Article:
Cornell-Harvard Cornell (1902–1905)
After an uneventful atlantic crossing, Hendrik Willem van Loon arrived in New York where he stayed a few days with friends of his aunt’s. Uncle Jan and Aunt Sally accompanied him to Cornell. The train ride to the university, in upstate Ithaca, was a disappointment. “Not that I had exactly expected to see real Injuns chase our train. But I was not prepared for quite so much drabness, for quite so much that was utterly commonplace, for so much natural beauty ruthlessly spoiled by carelessness and greed,” he wrote many years later. “[N]othing to indicate that this was that New World where all men were supposed to have been born free and to enjoy an equal chance at life and happiness. Indeed, it was all very different from what good James Bryce and his American Commonwealth (duly learned by heart) had led me to expect.”1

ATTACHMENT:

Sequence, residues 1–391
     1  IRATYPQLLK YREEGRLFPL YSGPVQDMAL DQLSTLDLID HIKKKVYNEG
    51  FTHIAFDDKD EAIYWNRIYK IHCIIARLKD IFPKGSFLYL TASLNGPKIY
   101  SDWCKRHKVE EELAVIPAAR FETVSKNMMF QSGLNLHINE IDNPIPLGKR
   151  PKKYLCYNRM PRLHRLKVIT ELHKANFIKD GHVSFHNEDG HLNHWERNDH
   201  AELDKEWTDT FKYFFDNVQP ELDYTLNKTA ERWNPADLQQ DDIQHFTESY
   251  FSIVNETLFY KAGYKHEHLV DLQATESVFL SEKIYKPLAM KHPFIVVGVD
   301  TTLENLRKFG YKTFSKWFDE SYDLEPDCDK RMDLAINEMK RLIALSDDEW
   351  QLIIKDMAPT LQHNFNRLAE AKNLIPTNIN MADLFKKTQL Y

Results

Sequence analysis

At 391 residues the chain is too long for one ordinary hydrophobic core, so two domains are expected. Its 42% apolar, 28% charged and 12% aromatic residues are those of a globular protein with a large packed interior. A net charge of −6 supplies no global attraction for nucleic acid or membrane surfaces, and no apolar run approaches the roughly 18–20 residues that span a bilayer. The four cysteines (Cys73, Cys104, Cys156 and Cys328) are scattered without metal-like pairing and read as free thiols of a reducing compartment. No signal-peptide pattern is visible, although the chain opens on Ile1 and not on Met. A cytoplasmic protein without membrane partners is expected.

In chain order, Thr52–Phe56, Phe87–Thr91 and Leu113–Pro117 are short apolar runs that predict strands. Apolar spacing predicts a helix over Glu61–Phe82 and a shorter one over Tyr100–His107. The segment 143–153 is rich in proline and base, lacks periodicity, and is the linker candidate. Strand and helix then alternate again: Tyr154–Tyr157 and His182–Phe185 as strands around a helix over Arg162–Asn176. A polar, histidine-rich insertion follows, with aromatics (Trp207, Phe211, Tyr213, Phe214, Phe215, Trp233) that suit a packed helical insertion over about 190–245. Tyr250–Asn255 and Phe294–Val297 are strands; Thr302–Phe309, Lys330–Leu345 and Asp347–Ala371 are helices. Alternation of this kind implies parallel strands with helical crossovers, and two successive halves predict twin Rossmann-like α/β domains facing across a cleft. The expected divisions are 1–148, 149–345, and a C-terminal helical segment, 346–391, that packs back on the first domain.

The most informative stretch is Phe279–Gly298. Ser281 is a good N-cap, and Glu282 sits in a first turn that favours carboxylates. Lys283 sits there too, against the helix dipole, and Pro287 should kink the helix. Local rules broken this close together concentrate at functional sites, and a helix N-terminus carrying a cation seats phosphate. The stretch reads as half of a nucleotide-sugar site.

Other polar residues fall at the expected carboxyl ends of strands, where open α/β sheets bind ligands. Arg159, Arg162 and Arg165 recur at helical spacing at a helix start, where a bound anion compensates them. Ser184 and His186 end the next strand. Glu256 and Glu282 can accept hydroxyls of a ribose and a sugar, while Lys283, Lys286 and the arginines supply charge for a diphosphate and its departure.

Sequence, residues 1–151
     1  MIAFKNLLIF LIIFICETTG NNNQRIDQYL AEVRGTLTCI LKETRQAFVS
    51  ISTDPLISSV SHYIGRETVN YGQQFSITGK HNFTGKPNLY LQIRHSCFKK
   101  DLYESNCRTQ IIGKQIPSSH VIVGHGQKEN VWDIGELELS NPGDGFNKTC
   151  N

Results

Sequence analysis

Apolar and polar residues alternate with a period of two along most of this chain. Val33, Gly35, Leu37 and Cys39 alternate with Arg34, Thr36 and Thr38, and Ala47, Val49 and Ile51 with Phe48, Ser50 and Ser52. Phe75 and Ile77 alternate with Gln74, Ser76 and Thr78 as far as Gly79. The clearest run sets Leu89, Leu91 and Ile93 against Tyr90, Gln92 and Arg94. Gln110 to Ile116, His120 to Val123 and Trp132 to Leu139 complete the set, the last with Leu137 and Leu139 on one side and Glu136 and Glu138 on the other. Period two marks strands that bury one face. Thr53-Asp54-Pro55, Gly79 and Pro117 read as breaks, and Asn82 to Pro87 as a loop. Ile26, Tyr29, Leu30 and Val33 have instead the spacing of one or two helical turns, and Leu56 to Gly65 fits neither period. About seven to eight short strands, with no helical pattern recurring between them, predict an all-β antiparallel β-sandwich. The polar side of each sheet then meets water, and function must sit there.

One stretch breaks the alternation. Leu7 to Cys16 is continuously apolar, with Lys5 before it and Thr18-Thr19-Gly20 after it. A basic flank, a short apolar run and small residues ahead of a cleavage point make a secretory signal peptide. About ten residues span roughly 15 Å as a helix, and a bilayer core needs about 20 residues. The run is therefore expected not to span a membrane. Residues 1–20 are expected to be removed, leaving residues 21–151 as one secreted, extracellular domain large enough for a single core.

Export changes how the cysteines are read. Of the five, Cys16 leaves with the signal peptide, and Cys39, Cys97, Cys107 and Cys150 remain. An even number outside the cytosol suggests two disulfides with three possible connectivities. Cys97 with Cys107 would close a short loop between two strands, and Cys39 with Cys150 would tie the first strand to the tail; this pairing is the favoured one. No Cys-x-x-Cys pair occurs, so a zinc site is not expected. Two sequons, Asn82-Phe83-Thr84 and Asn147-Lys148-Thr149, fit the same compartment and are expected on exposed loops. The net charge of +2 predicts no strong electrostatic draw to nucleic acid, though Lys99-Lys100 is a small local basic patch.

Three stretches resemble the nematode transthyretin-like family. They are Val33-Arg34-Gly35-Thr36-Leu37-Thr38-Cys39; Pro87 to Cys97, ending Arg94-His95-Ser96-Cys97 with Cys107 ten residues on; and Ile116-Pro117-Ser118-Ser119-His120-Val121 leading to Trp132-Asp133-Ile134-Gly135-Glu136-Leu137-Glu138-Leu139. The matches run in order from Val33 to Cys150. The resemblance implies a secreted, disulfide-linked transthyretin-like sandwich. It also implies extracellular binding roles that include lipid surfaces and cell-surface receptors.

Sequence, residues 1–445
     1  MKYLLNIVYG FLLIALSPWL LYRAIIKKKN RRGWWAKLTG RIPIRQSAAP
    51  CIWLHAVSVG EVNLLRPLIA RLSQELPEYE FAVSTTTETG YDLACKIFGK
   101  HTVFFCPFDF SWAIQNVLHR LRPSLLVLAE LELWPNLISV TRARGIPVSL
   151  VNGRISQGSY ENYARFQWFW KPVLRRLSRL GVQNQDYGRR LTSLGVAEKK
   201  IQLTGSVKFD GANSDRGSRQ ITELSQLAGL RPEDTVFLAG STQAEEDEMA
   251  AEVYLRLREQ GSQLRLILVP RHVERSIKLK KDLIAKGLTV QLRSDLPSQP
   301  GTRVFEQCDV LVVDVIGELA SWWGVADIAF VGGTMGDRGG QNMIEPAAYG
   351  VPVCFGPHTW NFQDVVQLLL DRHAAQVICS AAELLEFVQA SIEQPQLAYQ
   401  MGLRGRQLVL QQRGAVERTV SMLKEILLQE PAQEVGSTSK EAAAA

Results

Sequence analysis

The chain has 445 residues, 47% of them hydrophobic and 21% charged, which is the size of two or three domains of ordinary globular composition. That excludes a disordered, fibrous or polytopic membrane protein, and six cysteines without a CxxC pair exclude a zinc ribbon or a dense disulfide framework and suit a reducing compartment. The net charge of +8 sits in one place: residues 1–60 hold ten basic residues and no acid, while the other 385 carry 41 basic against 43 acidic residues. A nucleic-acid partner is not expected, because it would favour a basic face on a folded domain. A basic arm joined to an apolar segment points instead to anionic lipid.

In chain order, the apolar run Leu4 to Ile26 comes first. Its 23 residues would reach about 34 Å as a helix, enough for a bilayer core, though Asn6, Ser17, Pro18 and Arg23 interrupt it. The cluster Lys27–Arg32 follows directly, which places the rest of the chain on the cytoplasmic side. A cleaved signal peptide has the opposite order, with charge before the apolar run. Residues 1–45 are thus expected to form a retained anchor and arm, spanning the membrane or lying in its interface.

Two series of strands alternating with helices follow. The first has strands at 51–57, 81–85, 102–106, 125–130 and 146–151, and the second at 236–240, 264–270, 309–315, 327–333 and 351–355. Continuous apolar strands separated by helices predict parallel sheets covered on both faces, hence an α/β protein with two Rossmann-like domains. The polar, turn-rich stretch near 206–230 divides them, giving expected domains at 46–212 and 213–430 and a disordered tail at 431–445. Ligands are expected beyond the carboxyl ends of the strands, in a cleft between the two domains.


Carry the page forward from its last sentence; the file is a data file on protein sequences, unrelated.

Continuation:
KeywordsEurope Amid Hull
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